Predators carry with them a sense of allure and wonder. Most likely due to their elusive nature, their innate sense of stealth brings with it a feeling of mystery. The special adaptations that each carnivore has in order to successfully catch and bring down its prey always leaves me impressed to witness. However, one of the most interesting aspects of predator behaviour, in my opinion, is the inter-predator conflict we are lucky enough to experience in such a predator-rich environment here at Londolozi.
All predators are looking for the most efficient way to expend as little energy as possible to gain the most in return. This means that very often carnivores will look to steal a well-earned meal from another animal that they are able to overpower. If we had to look at an official predator hierarchy it would look something like this:
- Spotted hyena
- African wild dog
This official ranking, however, does not always hold true as each species bar leopard and cheetah will frequently be found in groups of more than one which, with the reliance on strength in numbers, can overthrow a higher-ranked species.
Personally, my favourite interaction is between hyenas and wild dogs. On paper, if you compared the size of a hyena versus a wild dog the hyena wins every time but this doesn’t include the wily nature of the wild dog. Their nimble build combined with the strength of the pack allows them to quickly nip at the ankles and rear of a hyena before darting out of range of the powerful bite a hyena could deliver before another dog is following suit. The back and forth nature of these interactions is only amplified when there is a kill involved which leads to myriad different noises coming from both species. This is precisely what happened on one of the most drama-filled mornings I’ve ever witnessed.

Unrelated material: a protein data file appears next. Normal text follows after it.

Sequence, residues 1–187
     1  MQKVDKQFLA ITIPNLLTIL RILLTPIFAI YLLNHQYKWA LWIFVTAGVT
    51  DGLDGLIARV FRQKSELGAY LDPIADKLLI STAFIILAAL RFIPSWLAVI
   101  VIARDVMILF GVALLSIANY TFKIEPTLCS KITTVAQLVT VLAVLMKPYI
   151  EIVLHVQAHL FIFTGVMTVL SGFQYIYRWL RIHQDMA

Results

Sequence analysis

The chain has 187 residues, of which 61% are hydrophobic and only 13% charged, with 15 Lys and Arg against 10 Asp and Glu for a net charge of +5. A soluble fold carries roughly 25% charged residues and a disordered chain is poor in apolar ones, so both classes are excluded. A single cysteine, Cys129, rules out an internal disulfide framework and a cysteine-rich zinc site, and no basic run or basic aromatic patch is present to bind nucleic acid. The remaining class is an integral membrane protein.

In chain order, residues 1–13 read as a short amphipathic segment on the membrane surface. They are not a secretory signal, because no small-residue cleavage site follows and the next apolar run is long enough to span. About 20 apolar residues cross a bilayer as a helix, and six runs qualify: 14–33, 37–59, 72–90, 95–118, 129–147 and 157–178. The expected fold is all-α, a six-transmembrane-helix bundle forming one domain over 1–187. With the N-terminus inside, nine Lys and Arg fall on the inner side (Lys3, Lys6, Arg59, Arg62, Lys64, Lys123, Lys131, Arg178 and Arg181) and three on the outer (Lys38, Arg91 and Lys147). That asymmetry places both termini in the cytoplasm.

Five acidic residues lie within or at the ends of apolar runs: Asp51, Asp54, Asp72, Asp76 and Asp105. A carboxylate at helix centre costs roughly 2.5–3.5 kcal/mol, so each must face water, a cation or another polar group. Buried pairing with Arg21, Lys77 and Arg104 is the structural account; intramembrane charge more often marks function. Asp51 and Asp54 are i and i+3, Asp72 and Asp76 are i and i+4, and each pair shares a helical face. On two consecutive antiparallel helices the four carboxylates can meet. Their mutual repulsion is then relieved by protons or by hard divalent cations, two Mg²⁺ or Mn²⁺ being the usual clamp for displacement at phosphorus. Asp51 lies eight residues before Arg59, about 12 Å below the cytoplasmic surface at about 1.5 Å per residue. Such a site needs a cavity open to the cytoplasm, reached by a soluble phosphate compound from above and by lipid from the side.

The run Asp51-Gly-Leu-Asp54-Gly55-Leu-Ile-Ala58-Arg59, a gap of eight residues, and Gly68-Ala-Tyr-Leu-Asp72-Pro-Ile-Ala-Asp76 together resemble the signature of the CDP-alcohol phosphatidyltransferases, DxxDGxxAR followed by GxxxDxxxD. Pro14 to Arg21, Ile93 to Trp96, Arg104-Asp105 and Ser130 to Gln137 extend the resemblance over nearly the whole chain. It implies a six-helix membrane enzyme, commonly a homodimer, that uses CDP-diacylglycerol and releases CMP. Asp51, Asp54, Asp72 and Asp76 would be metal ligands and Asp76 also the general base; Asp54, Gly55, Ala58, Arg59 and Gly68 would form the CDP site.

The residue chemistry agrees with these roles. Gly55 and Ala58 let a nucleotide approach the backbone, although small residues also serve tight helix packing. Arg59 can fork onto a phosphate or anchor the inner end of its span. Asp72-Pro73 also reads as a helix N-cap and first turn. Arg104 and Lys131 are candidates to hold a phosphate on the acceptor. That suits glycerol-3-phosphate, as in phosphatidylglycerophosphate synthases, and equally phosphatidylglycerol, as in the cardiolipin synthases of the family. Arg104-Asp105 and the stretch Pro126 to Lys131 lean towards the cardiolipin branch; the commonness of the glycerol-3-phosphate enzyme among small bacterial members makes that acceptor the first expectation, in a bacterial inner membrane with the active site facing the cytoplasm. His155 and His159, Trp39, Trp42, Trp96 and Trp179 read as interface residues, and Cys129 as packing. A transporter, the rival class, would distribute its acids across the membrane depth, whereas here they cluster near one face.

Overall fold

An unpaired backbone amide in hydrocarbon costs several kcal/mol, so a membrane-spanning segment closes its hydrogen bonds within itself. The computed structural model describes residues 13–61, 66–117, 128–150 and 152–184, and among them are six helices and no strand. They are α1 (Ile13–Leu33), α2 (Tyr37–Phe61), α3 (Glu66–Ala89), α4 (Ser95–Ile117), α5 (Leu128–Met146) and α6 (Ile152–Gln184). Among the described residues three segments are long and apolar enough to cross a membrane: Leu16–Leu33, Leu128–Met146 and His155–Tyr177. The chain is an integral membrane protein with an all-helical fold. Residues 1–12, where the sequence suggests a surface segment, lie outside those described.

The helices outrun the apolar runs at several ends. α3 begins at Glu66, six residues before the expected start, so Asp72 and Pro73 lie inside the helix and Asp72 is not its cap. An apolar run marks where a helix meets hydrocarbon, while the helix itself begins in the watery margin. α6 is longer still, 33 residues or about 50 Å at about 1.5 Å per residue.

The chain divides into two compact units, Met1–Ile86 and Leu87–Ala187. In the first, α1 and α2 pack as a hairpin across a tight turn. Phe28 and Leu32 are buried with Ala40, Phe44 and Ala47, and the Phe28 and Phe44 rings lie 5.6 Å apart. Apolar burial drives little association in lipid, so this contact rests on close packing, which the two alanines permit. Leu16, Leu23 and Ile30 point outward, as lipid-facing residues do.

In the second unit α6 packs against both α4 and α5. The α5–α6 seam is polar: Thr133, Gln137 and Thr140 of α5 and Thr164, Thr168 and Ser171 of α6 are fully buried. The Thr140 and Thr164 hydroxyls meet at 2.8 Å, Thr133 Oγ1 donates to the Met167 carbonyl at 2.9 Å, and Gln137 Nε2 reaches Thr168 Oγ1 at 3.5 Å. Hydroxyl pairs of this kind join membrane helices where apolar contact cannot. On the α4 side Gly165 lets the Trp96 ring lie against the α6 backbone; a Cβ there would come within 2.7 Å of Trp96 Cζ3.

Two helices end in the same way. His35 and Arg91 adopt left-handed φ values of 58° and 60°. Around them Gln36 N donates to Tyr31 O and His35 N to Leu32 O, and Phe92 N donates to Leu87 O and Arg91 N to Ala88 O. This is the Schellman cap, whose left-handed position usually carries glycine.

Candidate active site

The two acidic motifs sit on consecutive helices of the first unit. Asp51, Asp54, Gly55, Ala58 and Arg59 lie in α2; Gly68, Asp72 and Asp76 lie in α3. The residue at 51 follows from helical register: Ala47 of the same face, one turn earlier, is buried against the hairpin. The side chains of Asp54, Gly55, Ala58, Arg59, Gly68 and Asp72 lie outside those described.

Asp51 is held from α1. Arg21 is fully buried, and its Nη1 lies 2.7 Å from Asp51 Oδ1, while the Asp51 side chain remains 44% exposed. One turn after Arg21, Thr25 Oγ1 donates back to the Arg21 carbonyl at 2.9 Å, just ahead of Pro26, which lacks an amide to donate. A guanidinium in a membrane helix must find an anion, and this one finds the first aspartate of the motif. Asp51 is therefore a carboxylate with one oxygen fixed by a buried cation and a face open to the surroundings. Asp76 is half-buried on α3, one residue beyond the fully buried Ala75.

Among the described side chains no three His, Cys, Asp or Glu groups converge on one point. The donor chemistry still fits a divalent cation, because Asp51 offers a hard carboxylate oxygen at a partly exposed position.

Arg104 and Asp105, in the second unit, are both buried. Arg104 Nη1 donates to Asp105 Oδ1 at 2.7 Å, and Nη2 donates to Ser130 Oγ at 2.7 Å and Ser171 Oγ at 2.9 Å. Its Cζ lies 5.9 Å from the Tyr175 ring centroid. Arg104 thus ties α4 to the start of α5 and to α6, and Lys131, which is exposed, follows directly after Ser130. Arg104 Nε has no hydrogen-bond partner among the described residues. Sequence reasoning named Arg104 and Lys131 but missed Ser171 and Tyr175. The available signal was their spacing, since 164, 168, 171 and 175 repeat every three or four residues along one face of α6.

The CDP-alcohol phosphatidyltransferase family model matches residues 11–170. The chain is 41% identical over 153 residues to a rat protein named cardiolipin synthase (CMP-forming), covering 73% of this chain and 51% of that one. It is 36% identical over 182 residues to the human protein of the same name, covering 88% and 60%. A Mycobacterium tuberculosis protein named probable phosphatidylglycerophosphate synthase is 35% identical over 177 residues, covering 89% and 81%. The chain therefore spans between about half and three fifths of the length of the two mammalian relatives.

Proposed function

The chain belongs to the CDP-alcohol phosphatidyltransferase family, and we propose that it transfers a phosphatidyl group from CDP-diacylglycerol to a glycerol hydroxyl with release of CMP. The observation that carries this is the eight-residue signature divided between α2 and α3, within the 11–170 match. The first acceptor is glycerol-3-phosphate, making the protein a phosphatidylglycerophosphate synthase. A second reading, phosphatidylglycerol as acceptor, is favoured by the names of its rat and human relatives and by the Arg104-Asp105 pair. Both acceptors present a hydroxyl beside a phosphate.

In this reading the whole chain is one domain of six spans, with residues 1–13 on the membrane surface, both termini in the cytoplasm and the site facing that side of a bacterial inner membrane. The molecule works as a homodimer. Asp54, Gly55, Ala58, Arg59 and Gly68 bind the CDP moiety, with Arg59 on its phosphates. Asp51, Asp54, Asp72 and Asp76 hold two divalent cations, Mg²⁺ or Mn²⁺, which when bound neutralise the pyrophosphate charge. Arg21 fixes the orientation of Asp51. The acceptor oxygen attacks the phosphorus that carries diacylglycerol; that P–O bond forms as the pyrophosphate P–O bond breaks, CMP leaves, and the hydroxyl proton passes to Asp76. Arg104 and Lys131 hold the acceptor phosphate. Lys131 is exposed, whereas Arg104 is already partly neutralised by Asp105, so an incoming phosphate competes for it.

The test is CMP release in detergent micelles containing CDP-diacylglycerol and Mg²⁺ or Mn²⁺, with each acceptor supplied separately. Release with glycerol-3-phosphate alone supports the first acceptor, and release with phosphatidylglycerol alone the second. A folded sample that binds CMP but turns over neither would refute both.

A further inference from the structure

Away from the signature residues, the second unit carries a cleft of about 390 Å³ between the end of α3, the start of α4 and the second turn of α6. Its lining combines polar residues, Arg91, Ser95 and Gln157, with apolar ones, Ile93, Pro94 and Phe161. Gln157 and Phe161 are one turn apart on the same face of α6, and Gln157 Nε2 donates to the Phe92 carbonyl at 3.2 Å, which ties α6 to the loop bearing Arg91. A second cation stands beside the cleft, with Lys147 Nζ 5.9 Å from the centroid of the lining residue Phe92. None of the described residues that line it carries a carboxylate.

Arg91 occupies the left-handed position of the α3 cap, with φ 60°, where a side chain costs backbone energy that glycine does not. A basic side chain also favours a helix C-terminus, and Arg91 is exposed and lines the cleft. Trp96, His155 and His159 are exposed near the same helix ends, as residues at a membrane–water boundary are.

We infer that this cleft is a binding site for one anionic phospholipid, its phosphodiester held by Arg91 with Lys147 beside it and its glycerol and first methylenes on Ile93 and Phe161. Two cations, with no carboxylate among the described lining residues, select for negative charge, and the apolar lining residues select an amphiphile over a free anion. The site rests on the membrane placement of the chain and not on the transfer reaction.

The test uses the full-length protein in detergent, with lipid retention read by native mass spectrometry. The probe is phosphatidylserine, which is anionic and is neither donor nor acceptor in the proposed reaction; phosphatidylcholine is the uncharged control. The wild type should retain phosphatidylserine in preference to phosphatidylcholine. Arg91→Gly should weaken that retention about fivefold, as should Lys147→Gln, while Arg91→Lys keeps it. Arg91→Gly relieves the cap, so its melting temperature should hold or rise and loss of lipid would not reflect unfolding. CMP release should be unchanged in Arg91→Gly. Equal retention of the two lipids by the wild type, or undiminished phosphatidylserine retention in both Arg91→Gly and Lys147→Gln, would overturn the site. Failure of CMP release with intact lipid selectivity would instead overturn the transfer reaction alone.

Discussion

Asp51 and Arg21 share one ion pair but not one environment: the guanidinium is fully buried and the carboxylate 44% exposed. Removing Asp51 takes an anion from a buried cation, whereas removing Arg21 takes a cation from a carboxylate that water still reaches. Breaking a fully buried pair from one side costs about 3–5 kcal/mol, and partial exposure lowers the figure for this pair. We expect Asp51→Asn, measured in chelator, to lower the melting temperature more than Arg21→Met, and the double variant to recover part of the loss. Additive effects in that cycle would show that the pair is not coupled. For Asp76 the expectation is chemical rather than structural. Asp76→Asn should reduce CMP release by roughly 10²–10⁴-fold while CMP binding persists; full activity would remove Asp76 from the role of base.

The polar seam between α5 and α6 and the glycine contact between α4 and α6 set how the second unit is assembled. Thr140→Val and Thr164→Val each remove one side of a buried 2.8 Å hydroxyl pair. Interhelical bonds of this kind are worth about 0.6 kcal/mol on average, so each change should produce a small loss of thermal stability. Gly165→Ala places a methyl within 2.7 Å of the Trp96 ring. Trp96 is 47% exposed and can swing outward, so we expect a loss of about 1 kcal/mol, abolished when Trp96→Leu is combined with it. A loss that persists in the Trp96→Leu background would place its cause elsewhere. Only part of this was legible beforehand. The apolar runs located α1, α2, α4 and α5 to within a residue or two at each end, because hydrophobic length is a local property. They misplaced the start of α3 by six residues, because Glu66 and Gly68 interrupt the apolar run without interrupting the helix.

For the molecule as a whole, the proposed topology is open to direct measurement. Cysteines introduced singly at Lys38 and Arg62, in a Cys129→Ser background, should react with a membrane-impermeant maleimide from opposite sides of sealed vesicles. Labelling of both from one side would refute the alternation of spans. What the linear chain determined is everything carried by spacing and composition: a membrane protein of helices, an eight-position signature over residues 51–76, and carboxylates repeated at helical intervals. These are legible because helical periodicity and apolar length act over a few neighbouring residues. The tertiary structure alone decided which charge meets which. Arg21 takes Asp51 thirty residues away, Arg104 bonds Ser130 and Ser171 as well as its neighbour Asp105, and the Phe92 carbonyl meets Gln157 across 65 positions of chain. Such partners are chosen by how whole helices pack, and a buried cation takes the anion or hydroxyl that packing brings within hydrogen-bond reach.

Ranger Jess Shillaw and I had both decided that morning that we were going to take our respective guests down to the southwestern part of our reserve to look for a pack of wild dogs that had frequented the area. Looking for wild dogs can be difficult as their ability to cover large distances in next to no time is rivalled by none, so we were working together to cover as much ground as possible looking for any signs of them. Tracker Tshepo Dzemba and I had stopped to look at what we had hoped were wild dog tracks in the road when all of a sudden we heard the high pitched squeal of a hyena.
We jumped back on the vehicle in haste and off we set to try and find the hyena. Our initial thinking was that the hyena was getting harassed by the pack of wild dogs but as we arrived on the scene we realized it was a very different situation.
Large handsome male found in the deep southwestern parts of the reserve.
Walking towards us was a hyena carrying the remains of an impala with the White Dam 2:2 Male hot on its heels. The leopard was most likely the predator that caught the impala but had been robbed of his kill, however, he was still marching down the hyena to try and find an opportunity to possibly grab it back and quickly hoist it to the safety of a nearby tree. Luckily for us, the hyena dragged the impala right into the middle of the road where the rest of the sighting can be seen in the video below.
View this post on Instagram
The fact that there were at least two hyenas when the wild dog arrived meant that as one hyena was eating the other would guard against the advancing canids. The incessant whining and whooping calls of the hyena made sure that more and more reinforcements arrived on the scene to leave both the wild dogs and the treed leopard coming up short on having any further part to play in finishing the impala. On this occasion, the predator hierarchy did hold true but each scenario in the bush will always play out differently and there are certainly times where the underdog does come out on top.
Hi Francesca, could you imagine the sight of 10+ leopards all together in a “pride”! It would be quite the spectacle! You’re right it would certainly make them less of a target.